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So, I've just decided to build my own fantasy sports web site.

You know the type of site where you can pick players from your favourite league and depending on how they do you get a certain amount of points in your team. There are fantasy teams for all types of leagues and sports, I'm sure you know what I'm talking about.
I haven't settled for a specific sport or league just yet because I want the basics to fit to different types of team-based sports.

I have a few expectations on it myself. If you can come up with any other I'll be glad to hear them.

  • I expect the site to be dynamic and have many visits during a game, but almost only static content otherwise.
  • Player points should be updated in real-time during a game.
  • I would need a list that shows each game being played and the points of every player in that game. It should also show minutes played, goals, assists etc.
  • Each registered user would be able to see the points and players of his/hers team updated in real time.
  • I need the site to scale so that if I start with 1000 teams I could end up with 5 million.
  • I probably won't be needing language support right now, but who knows in the future.

Based on these prerequisites what would be best to use in terms of language (php, .NET, drupal or other cms's), database (mysql, sqlserver, xml) and other techniques?
Maybe it doesn't really matter what I use?

I guess the dynamic and real time update of each player's points is where I need help the most.

Thanks in advance!

/Niklas

EDITED
I could use an array with the following data for a specific game week:

  • Player ID
  • Minutes played
  • Sport specific points(goals, assists, penalties, yellow cards, man of the match bonus) etc.
  • Total points in current game week

When the game is over I'd add these to a DB and sum this data with any previous game weeks. Plus player value, number of teams that has selected this player, etc.

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2 Answers 2

up vote 0 down vote accepted

You are probably going to have to go down the custom route for your "Game" code - rather than using a CMS, although depending on your experience, you may be able to leverage a framework (e.g CodeIgniter) to speed up some of your DEV time. This type of site would be pretty language agnostic, however it would depend on the actual numbers of users you are looking at as to the most scalable solution / set of techniques to deploy.

One of the biggest considerations you are going to have to look at would be the design of the data model, and the platform that this sits on.

If you want to be processing near to realtime updates, you are going to want to focus your efforts on making the DB queries / processing the most efficient possible.

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That's why I'm leaning towards using XML. Since the only real dynamic data are the points on each player it would seem unnecessary to query a DB every time. Wouldn't an XML file be faster to query in this aspect? Or maybe even use something like .Net's Cache. There isn't really that much dynamic data to be stored. –  Niklas Mar 15 '11 at 12:24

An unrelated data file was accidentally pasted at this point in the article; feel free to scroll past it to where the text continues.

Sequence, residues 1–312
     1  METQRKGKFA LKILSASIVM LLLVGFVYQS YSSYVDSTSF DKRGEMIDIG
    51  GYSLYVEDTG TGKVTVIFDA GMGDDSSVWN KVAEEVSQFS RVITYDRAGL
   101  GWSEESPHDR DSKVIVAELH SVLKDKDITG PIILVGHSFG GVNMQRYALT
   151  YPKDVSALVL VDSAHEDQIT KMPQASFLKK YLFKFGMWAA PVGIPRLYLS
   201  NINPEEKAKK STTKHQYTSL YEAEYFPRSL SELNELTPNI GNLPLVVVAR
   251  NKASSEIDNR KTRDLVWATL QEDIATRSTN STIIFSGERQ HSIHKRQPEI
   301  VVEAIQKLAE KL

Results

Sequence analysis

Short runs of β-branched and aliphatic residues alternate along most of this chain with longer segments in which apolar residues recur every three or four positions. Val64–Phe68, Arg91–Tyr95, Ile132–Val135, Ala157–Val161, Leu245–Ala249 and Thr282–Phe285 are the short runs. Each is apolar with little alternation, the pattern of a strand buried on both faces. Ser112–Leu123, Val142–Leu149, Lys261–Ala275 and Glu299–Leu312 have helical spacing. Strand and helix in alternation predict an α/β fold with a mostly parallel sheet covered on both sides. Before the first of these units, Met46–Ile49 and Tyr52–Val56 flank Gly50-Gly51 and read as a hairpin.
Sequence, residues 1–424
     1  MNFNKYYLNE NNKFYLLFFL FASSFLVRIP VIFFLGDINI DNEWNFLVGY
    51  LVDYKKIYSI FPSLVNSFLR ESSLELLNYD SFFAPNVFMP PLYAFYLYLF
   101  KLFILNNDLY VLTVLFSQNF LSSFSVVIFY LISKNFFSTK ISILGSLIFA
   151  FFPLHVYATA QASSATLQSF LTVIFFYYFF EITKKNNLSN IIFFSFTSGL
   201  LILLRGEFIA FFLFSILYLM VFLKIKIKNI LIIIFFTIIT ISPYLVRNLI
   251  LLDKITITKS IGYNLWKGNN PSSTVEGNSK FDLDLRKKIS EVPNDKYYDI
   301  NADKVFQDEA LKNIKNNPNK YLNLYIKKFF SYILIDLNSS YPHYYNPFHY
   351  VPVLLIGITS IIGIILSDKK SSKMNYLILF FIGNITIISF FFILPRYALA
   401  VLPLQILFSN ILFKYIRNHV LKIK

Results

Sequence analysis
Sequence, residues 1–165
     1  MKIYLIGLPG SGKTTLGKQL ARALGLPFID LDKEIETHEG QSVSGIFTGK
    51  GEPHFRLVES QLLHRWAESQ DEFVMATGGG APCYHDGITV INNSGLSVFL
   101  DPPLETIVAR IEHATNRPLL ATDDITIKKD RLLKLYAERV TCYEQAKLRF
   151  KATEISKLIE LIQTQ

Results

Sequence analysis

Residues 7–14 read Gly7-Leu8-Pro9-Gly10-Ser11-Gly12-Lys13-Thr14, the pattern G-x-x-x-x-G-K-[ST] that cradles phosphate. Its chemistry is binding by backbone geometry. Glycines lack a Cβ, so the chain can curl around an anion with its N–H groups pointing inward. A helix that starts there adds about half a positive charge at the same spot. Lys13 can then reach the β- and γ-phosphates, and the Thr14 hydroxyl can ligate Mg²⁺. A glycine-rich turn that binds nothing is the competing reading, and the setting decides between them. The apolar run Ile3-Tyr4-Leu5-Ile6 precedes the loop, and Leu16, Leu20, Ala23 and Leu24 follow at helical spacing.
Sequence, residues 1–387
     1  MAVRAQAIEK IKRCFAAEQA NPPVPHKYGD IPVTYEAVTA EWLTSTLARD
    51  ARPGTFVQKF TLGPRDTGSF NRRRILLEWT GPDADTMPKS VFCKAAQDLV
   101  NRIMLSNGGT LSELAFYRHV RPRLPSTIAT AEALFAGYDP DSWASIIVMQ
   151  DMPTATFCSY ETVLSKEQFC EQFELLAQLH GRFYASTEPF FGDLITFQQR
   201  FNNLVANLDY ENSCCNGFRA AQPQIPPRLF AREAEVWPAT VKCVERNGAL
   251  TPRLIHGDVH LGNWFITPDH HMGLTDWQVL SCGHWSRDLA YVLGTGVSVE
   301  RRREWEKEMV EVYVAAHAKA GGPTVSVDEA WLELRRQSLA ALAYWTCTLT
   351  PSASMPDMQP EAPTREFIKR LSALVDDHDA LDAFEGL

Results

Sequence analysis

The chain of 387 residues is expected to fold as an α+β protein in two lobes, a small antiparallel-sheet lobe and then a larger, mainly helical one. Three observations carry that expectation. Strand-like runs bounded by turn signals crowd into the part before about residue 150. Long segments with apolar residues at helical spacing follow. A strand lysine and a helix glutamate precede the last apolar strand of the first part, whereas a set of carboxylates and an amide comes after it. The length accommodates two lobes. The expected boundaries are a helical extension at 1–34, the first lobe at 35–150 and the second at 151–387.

It all depends, what data you would be storing, how big the XML is, how you will be traversing the XML doc etc. A well tuned DB, with caching implemented can be just as good. The other thing to ask is - OK you need to scale, but being realistic how many users are you expecting? –  diagonalbatman Mar 15 '11 at 12:25
    
In my dreams I'm expecting 100k users, but who knows. Also, a league would probably have 15-30 teams with at most 40 players each, which makes about 1k players to update. But all games are not played at once so at most 600 players to update every minute. –  Niklas Mar 15 '11 at 13:02
    
Ok so in volume terms 600 "on-line" users isn't huge, if you had come back and said 100,000 online users then there is more than a worry. I would personally focus on getting your "game" working, with a decent data model. If and when your site grows, providing your design was good in the first place it should be easy to scale. –  diagonalbatman Mar 15 '11 at 13:07
    
"if you had come back and said 100,000 online users" That's what I said? I said there may be 600 players, that is hockey or football players that need to be updated. –  Niklas Mar 15 '11 at 13:19

One big consideration that you have not discussed here is caching. There is some data on your site that I am sure will be static for long periods of time (such as weekly totals etc), and there is data that will be very much real time (but only during match days).

However, during match days you will have a lot more traffic than non match days, and you will therefore have a lot of requests for the same data in a short period of time. Therefore, employing a good caching strategy will save you masses of CPU power. What I am thinking of, is to calculate a player's score and then cache for 1 minute at a time, therefore each time that specific player is requested, you are retrieving from a cache, rather than recalculating each time.

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Yes, I mentioned something like this in the comments of diagonalbatman's answer. I might not even have to use a database at all since there isn't that much dynamic data to be stored and processed. –  Niklas Mar 15 '11 at 12:27

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